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Close to Home: COVID remains an occupational hazard

The views and opinions expressed in this commentary are those of the author and don’t necessarily reflect The Press Democrat editorial board’s perspective. The opinion and news sections operate separately and independently of one another.

While no one is more tired of this pandemic than health care providers, the announcement that mask mandates are ending has left many health care providers, health care organizations and community-based organizations very concerned.

There still is a very large number of COVID-19 cases and widespread community transmission. As the mask mandate is removed, we need to recognize that the risks of reopening are not shared equally across our society. I am worried about the impact on essential workers — the people who have borne the brunt of the pandemic.

Panna Lossy
Panna Lossy

Since the beginning of the pandemic, Latinos have been disproportionately impacted by COVID; Latinos accounted for half of the cases in Sonoma County although only 27% of the population is Latino. During this winter’s omicron surge, Latinos have had more than double the transmission rate — 323 cases per 100,000 people, compared to 134 per 100,000 for whites). Adding to the effects of the actual illness, and its potential long-term health effects, is the financial impact of missing work for people who are already barely able to afford the sky-high rents in Sonoma County.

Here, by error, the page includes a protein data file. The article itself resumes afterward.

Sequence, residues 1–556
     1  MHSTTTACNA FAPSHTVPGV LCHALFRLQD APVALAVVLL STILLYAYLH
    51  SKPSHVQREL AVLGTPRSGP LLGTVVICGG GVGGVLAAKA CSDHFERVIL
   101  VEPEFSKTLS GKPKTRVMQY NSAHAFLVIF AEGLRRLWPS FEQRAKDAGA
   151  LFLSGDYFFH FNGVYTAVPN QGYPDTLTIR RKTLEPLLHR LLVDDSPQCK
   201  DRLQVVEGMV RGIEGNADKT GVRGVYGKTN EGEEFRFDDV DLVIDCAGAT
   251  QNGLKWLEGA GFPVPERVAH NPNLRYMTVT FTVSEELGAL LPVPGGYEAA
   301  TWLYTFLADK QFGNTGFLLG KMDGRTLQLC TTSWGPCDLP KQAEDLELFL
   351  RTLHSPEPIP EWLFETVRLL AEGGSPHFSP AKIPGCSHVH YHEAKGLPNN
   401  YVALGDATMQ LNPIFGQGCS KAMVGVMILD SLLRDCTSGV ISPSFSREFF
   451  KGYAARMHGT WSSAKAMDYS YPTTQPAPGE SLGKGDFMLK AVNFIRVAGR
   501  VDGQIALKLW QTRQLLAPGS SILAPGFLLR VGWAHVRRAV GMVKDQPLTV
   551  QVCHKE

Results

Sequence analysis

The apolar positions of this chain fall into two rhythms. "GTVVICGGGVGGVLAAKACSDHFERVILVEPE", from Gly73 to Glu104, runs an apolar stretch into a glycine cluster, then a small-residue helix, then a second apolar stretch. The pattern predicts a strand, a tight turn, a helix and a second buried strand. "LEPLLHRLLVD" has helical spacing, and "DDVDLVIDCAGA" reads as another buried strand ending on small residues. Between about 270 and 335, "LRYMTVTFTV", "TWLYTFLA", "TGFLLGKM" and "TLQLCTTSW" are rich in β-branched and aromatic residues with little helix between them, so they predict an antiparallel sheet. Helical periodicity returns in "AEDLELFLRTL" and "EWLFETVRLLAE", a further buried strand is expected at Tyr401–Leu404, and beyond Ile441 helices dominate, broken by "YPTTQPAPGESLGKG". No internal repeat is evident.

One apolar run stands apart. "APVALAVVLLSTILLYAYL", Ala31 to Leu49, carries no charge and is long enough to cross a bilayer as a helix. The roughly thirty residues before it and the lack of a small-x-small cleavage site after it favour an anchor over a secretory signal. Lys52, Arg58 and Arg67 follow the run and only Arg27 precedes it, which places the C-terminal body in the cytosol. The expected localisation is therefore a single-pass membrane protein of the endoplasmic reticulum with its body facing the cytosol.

Remember the early stages of the pandemic when essential workers were heralded as heroes? These heroes are still going to work. They often spend all day in contact with the public, clearly increasing their risk of contracting COVID and bringing it home to their loved ones, even more so with the mask mandate removed.

This is an obvious example of an occupational hazard and will continue to be for the foreseeable future as waves of COVID come and go. However, we are often still asking essential workers to supply their own masks and rapid COVID tests. This is clearly unfair, especially for low-income workers who cannot afford these things on top of the cost of living in Sonoma County.

The obvious solution is to recognize that exposure to COVID is an occupational hazard and for employers to offer workers free KN95 and N95 masks and convenient access to rapid tests. Some employers already do this, which is wonderful. How can we make sure that all workers have access to the tools they need to protect themselves and their families? Our society has an obligation to protect our heroes and their families. We can’t continue to expect them to sacrifice their health and financial stability so that everyone else can get back to business as usual.

Dr. Panna Lossy is a clinical professor at UC San Francisco, faculty member at the Sutter Santa Family Medicine Residency and physician at the Santa Rosa Community Health Center.

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The views and opinions expressed in this commentary are those of the author and don’t necessarily reflect The Press Democrat editorial board’s perspective. The opinion and news sections operate separately and independently of one another.

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